Turmoil at the tomb of Grand Ayatollah Montazeri
Published in “Financial Times Deutschland” on December 20 2009
In recent weeks, the government in Iran has intensified attacks against the opposition. The death of the dissident cleric Hussein Ali Montazer could now fuel new protests of the opposition.
By Benjamin Dierks
The insult could hardly have been deeper. In barely more than one sentence, state media in Iran announced the death of Grand Ayatollah Hussein Ali Montazeri on Sunday. As reported by news agency IRNA, Montazeri had died on Saturday at the age of 87 after a long illness. His religious position was not mentioned, not a word about his role in the Islamic Revolution of 1979, or his later work in the Republic.
The death of every other figure of a comparable position would have been honored with permanent broadcasts on TV and public mourning. The dictated silence in Montazeri’s case shows the huge rift between the regime and one of its harshest critics. Among the few prominent figures who condoled to the family of the deceased was Grand Ayatollah Youssef Saneie, who, like Montazeri, is a dissident cleric.
Supporters of Montazeri, however, on Sunday in their thousands flocked to the theologian stronghold in the city of Qom in South Iran, where the cleric will be buried on Monday. The opposition leaders called for a national day of mourning. “He will be remembered as a man who sacrificed his political life for his principles,” says Baqer Moein, an expert on Iran. He was an inspiration for other opposition supporters. His funeral could turn into a staging area for dissidents. In opposition circles, the talk was of up to one million mourners who could gather in Qom on Monday. The riot police already on Sunday was present all over Qom, according to a reformist website.
The rhetoric of the regime against opposition supporters had become much sharper in the past few days, since during a demonstration of dissidents on occasion of the official Student Day two weeks ago students had allegedly burned pictures of revolutionary leader Ayatollah Rouhollah Khomeini and his successor Ayatollah Ali Khamenei, and torn them apart. Montazeri was one of the few to confront the baiting that followed the incident. He stated that Khomeini had been neither innocent, nor superhuman or inviolable. For years he has been accusing conservative clerics of establishing a dictatorship in Iran in the name of Islam. On Saturday, Iran’s leaders issued warnings to the opposition to not come to Qom.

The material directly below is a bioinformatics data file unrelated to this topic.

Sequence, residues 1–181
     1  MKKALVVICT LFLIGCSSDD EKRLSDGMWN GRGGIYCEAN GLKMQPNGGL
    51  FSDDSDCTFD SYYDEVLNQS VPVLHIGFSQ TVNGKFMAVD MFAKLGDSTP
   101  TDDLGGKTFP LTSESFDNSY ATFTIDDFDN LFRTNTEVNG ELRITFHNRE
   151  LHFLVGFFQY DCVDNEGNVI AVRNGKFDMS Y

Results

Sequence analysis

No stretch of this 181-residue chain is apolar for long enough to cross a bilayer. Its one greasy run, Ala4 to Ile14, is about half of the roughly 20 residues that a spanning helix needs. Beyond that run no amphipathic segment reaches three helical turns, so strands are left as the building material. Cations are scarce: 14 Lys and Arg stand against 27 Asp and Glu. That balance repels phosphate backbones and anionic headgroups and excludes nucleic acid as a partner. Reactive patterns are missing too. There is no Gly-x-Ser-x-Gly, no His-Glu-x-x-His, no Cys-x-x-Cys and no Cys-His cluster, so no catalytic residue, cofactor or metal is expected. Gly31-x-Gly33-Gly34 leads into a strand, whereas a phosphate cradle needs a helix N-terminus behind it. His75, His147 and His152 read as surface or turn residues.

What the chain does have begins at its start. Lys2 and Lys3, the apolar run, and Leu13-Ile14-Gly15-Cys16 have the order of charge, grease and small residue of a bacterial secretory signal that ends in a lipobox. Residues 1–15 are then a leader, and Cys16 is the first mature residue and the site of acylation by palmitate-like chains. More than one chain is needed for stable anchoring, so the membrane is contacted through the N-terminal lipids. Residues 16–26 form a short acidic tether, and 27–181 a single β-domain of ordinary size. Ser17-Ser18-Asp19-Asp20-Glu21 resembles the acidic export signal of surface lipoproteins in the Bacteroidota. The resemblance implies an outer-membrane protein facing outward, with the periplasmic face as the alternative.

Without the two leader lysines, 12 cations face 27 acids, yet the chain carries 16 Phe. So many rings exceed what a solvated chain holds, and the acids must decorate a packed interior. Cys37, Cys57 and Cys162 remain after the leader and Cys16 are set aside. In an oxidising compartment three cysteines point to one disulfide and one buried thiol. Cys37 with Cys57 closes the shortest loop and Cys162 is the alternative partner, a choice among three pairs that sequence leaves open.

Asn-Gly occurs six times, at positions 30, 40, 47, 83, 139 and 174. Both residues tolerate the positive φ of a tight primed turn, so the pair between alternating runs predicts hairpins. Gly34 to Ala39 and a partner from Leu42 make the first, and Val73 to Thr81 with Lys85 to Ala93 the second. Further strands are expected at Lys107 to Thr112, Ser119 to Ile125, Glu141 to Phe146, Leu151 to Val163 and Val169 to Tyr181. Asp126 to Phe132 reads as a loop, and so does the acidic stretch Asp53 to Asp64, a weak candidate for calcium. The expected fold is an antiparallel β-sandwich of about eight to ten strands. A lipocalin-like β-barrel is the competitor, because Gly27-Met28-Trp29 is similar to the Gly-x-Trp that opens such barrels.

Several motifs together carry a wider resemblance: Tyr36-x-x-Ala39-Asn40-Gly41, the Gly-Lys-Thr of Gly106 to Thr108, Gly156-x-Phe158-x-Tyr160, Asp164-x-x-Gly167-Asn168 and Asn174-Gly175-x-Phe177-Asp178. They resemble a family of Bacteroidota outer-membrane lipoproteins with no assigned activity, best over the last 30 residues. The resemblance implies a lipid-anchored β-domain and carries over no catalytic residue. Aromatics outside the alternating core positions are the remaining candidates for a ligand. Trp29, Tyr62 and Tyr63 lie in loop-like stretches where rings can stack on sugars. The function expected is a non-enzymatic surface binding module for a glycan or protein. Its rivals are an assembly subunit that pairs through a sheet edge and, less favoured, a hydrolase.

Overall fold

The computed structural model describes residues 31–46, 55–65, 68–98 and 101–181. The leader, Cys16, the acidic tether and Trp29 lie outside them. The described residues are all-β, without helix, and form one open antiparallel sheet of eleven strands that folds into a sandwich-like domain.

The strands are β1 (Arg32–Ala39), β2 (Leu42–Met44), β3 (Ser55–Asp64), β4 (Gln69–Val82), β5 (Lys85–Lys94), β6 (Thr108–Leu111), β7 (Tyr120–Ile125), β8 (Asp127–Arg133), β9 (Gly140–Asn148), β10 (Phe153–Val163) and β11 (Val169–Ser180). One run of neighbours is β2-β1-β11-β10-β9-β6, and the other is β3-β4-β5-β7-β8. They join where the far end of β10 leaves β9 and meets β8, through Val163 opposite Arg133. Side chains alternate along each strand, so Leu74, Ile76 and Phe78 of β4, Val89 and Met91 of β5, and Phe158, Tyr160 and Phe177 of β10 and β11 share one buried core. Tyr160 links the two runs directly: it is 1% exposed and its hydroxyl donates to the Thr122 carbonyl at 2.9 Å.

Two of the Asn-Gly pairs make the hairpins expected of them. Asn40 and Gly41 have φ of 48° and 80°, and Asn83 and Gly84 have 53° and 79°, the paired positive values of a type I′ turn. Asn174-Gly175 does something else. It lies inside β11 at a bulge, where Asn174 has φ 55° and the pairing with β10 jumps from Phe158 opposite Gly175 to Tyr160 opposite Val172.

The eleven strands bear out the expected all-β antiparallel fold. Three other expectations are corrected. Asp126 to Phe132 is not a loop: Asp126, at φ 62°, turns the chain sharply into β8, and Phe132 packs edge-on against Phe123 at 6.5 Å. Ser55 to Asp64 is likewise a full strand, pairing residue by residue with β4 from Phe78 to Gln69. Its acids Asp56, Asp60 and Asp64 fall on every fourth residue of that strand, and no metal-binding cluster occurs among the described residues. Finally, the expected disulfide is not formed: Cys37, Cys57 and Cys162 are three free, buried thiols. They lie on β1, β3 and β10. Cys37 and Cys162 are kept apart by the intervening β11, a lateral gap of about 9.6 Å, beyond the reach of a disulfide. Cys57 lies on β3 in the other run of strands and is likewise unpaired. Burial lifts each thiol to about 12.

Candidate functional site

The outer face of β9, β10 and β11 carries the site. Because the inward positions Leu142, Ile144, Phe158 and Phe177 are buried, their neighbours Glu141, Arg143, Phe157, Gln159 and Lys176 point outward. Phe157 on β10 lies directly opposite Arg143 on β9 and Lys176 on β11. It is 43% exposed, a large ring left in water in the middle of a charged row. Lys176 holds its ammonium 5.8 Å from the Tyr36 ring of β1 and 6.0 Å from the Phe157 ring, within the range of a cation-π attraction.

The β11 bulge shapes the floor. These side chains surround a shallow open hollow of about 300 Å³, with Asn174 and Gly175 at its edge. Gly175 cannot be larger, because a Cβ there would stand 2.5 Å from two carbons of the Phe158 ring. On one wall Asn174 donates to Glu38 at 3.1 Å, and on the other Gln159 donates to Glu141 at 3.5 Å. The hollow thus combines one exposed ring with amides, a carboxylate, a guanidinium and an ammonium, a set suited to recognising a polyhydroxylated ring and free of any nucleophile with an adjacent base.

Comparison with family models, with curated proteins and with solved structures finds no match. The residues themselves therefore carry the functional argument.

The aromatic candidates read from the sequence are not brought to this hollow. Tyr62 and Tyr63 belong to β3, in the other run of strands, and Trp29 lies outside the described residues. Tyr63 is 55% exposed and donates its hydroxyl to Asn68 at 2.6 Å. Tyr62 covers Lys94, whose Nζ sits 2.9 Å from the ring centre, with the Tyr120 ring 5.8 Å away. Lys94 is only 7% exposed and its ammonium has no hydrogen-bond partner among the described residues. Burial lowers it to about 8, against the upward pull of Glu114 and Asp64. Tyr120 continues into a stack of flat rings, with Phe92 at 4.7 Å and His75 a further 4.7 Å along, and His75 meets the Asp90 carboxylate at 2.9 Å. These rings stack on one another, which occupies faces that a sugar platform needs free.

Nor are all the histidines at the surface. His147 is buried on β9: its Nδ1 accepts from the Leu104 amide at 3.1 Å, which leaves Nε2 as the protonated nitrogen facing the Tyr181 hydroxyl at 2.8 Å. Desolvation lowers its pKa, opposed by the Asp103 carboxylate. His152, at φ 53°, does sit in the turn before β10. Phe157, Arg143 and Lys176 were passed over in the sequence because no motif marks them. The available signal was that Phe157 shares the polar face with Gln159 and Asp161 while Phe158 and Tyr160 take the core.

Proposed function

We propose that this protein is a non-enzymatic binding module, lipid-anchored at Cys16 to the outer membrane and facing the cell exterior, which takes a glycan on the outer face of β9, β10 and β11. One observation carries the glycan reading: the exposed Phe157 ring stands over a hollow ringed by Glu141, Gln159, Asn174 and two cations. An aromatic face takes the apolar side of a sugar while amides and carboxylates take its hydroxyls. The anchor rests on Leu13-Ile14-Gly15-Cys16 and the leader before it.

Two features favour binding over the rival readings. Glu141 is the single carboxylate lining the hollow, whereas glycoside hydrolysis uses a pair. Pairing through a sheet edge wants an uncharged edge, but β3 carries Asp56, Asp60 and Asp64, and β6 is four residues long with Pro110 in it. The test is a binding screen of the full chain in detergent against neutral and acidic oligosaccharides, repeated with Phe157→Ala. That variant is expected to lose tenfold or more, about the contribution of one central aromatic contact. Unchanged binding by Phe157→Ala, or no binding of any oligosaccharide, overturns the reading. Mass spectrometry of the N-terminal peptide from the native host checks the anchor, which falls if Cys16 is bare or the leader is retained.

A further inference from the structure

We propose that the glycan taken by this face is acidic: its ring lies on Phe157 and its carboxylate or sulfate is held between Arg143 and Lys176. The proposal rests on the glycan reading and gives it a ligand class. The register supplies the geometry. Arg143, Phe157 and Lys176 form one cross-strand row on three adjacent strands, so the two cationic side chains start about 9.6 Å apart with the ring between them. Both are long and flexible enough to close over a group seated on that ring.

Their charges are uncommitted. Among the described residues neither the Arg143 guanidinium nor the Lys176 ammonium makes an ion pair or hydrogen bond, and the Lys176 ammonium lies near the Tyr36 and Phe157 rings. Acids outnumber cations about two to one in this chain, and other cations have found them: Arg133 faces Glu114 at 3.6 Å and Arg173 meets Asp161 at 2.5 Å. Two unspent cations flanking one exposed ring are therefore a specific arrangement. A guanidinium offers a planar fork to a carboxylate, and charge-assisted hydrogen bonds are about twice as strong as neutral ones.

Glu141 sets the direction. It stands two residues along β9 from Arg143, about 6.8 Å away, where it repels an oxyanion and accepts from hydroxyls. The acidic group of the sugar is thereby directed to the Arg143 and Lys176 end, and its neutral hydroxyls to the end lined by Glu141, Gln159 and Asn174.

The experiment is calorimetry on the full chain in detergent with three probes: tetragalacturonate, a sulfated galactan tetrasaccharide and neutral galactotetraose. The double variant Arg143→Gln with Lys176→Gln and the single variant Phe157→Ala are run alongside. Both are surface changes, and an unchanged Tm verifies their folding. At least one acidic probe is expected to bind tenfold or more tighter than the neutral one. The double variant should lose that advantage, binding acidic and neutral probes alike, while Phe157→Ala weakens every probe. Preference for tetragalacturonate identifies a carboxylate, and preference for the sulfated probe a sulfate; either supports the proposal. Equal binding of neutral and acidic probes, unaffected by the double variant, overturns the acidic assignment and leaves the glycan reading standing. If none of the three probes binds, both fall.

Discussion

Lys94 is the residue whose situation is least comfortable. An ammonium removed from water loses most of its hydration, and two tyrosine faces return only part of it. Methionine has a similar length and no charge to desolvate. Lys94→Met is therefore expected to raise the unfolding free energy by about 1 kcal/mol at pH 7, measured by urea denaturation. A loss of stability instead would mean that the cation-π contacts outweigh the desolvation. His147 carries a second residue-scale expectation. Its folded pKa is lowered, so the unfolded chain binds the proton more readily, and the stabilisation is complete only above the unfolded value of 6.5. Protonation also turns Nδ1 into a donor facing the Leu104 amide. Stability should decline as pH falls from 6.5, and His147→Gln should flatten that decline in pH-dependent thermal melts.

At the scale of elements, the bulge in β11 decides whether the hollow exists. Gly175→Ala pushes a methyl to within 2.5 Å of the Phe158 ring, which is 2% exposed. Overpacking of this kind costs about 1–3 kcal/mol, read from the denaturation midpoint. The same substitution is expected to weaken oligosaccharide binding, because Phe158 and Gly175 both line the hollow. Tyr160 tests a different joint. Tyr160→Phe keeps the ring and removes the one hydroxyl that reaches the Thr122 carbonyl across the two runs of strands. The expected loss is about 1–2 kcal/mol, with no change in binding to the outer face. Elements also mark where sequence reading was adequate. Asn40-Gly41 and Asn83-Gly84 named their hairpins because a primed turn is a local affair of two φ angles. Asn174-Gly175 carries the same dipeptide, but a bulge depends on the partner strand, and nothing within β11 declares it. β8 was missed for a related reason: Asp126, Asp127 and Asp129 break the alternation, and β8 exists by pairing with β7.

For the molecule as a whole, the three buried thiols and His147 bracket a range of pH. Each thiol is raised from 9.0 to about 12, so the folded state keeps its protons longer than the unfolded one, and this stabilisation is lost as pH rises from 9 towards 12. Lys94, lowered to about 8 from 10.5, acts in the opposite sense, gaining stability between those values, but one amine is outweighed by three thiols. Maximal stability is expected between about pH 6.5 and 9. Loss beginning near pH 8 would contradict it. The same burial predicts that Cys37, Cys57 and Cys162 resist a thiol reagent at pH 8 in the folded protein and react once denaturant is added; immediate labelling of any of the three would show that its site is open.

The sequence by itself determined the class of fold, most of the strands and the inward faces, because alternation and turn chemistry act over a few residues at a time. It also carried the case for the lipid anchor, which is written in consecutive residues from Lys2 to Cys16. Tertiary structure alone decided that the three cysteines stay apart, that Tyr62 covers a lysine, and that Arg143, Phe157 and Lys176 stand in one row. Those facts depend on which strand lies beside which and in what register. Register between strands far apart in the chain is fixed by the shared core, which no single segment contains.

In state organized rallies against the alleged desecration of Khomeini, thousands of supporters of the regime protested in Tehran and other cities. Clerical whips on sound trucks instigated the crowd outside Tehran University. Apart from the usual slogans of “Down with USA” and “Down with Israel”, slogans were heard calling for the death of opposition leaders like Mir Hossein Mousavi and Mehdi Karroubi. “Mousavi, this is the last warning,” was one chant. “Execute the leaders of rebellion.”
Part 2: A dictatorship in the name of Islam
Montazeri with his sober assessment of Khomeini was largely isolated. After the regime launched the campaign against the alleged enemies of Khomeini, most opposition leaders have remained calm. Other than initially expected, Moussavi did not call on his supporters to attend the demonstrations scheduled for last Friday. The regime had announced it would approve Moussavi’s claim under the precondition that the dissidents join the protests of supporters of the leadership. Following the alleged fraudulent re-election of president Mahmoud Ahmadinejad, Ayatollah Montazeri had backed the defeated candidate Moussavi and the protests led by him.
While supporters of the regime on the one hand, and the opposition on the other hand are heading towards renewed confrontations, first signs of progress have emerged in the investigations into the violence during the post-election unrest. A military court accused the guards of the Kahrizak detention center in the South of the country of having killed three political prisoners. The alleged victims had been arrested during the protests against the election victory of Ahmadinejad in June. In the indictment announced on Saturday by the military prosecutor, it said that the prisoners were beaten to death. The prison authorities had indicated meningitis as the cause of death in all cases.
The opposition assumes that 70 people died in the post-election protests. About 4000 people had been arrested during the clashes following the election. Most of them were brought to Evin in northern Tehran. 200 of them, however, were brought to Kahrizak. The prison was later closed due to various shortcomings.